Database verification

Database verification involves checking user-supplied information against trusted third-party databases to ensure that it is accurate.

Exactly what database(s) you choose to leverage as a part of your verification processes will depend on the information you have chosen to collect. That being said, databases are typically grouped in two main buckets:

  • Issuing databases: These databases are maintained by the organizations that issue a form of identification, such as a Social Security number or driver’s license. Examples of issuing databases that can be leveraged in identity verification include AAMVA (for DMV records) and TIN (for IRS records).
  • Authoritative databases: These are also trusted databases that store information about an individual. The key difference is they do not create the information, but instead aggregate it. Credit bureaus, financial institutions, and phone carriers are all examples of authoritative databases.

Selfie verification

Selfie verification is a form of biometric verification. It involves requiring the user to submit a real-time selfie or series of selfies, which are then analyzed for liveness and often compared against a government-issued photo ID.

Selfie verification is primarily used as a means to identify and prevent spoofing attempts.

Is identity verification required?

The answer to this question will depend on the industry your business operates within.

Financial institutions — such as banks, insurance companies, lenders, brokers, and more — are subject to the tenets of the Bank Secrecy Act. As such, they must verify their customers’ identities during onboarding and continually monitor customer activity in order to mitigate the risk of identity theft, money laundering, and other financial crimes.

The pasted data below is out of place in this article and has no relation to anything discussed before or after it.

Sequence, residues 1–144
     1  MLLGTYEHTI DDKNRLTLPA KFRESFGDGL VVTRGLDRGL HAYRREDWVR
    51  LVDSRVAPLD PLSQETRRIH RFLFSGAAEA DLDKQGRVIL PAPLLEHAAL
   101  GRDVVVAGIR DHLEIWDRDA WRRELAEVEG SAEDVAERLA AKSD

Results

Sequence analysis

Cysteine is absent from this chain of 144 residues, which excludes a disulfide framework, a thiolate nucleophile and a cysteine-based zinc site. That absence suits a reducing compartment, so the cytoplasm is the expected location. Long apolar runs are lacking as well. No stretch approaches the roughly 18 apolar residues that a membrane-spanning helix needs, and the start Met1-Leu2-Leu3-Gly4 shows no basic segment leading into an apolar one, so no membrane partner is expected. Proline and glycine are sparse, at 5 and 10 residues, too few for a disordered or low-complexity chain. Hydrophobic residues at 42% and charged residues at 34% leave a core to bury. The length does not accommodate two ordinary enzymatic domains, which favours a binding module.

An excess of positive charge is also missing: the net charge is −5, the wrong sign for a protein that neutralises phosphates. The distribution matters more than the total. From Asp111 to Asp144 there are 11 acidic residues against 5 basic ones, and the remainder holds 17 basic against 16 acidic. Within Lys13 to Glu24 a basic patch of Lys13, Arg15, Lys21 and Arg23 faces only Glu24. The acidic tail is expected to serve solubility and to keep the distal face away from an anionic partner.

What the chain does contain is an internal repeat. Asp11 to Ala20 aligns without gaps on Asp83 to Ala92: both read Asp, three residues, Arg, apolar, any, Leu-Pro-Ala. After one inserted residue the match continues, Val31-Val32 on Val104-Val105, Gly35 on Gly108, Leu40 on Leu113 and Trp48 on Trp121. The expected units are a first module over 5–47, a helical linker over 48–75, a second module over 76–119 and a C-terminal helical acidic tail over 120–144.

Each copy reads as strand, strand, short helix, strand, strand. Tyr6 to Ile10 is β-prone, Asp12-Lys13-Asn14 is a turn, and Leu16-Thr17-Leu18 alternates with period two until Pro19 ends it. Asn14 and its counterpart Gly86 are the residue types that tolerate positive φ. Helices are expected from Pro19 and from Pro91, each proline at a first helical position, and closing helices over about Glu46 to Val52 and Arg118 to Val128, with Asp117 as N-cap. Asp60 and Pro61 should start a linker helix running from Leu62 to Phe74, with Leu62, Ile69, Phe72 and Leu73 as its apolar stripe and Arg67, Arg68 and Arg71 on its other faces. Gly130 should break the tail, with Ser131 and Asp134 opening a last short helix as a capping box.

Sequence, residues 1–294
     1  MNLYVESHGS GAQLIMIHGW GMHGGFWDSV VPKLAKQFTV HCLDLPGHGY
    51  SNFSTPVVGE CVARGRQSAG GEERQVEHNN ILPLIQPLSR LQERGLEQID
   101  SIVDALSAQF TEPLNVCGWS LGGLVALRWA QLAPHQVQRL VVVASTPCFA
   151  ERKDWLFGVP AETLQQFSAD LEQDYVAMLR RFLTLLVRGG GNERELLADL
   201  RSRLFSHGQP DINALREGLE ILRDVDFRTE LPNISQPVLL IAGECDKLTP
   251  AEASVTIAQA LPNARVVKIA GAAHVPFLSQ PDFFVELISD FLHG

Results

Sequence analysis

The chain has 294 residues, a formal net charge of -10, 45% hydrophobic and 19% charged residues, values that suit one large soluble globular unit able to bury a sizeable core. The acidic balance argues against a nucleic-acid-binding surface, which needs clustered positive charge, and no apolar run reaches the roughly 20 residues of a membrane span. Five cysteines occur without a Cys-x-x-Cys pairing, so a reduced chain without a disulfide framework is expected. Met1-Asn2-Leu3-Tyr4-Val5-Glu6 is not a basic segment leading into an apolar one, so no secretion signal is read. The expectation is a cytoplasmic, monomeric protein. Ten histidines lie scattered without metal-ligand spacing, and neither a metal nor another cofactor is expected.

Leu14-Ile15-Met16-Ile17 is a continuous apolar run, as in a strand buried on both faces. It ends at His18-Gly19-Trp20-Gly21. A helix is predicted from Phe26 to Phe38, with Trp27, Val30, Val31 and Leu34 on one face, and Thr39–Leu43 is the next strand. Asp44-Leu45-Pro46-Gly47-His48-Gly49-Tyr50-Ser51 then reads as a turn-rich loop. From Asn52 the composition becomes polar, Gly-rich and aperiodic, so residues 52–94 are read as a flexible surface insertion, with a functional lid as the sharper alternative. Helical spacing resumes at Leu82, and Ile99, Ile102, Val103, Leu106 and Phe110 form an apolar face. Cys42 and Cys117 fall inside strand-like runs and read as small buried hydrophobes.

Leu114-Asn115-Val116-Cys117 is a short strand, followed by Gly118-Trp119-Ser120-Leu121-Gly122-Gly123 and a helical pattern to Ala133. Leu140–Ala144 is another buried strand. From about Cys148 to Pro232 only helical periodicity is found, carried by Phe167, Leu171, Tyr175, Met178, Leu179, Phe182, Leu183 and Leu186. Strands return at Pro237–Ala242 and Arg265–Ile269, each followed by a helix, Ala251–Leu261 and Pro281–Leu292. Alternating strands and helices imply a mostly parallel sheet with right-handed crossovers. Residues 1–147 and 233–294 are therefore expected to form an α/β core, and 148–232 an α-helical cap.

Identity verification is also required for businesses that deal in age- or location-restricted e-commerce, such as iGaming platforms and alcohol delivery apps.

But the reality is that virtually any business that operates online can potentially benefit from implementing identity verification processes. Social media and dating apps can, for example, leverage identity verification to promote the safety of their users and mitigate fraud. Likewise, online marketplaces that don’t deal in restricted commerce can use identity verification to protect both buyers and sellers that leverage their platforms. And online learning platforms can build legitimacy and trust by implementing verification processes that ensure the person holding a degree or certificate is the person who actually completed the coursework.

Identity verification and your business

Whether you need to comply with AML and KYC regulations, build trust with your users to strengthen the appeal of your platform, or simply mitigate the risk of fraud and financial crime, identity verification can help you meet your goals.

Here at Persona, we understand that identity verification isn’t one-size-fits-all. That’s why we allow our users to tailor their verification processes based upon their own unique needs. Our Verifications solution allows you to build the perfect process for your business by mixing and matching documentary verifications, selfie verifications, database verifications, and digital ID verifications as necessary.

Interested in learning more? Start for free or get a demo today.